We retreated and he did not come after us. When we spoke to the police they advised us that that 2 blocks between El Caminito and the stadium was very dangerous at all times and we should not attempt to visit the stadium on foot. So much for the guide book. My advice would be to stay in El Caminito surrounded by the police and visit the stadium by taxi ......or not at all.
Who Is Watching You in La Boca?
The hodge-podge of colours and disjointed buildings in La Boca made it a very interesting area to be in, especially since the sun decided to come out and throw some light on all those colours!
The residents of this neighbourhood seem to relish coming up with odd-ball things to display, and this caricature sticking out of a window above one of the streets was my favourite! This part of La Boca is a real 'tourist trap' area, and many of the stores and shops had gimmicks of various kinds set up, such as full-size Tango dancer mock-ups where you could stick your face in the empty hole and have your photo taken. Speaking of which, there was also a live couple doing Tango performances and also photo taking sessions with willing participants (see my Local Customs tips for more details). We did not have any problems in our short time in La Boca, but many of the tourist guides still advise to stick only to this small part of La Boca for your own safety, especially at night. Better to be in a tourist trap area than to be mugged!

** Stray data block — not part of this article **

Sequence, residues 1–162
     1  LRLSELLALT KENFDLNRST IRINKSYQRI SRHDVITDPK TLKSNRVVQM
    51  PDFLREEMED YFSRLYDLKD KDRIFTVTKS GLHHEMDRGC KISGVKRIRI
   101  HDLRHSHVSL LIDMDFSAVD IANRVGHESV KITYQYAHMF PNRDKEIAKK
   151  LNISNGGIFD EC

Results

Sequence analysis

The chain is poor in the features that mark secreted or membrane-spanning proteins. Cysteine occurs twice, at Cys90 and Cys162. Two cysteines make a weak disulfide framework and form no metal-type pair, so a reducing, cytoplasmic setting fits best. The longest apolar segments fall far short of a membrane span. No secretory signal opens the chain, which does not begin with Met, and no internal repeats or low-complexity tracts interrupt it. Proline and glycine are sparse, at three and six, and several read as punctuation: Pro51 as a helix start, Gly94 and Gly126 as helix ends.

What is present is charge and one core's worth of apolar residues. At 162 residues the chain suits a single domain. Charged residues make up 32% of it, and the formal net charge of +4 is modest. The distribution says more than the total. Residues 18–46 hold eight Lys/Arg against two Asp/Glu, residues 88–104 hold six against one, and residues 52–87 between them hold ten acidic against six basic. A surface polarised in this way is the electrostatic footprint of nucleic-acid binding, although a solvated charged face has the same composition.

Despite the rain, it was still quite humid and sticky and it was also close to 4 PM , so we decided to call it quits. Time for another taxi back to our hotel to pick up our luggage and then head for the International Airport.
Ciao Argentina, it was an absolutely fantastic two weeks!!
- Family Travel
What you can do with a few cans of paint
La Boca, renowned for its bright painted corrugated iron houses, is a tourist must-see, some might say a tourist trap, in BA. Be warned though - wandering too far away from the albeit very touristy strip of the Caminito and the immediate waterfront area in search of something more "authentic" is decidedly risky. The area is renowned as much for its crime as for its tango dancers and pavement artists.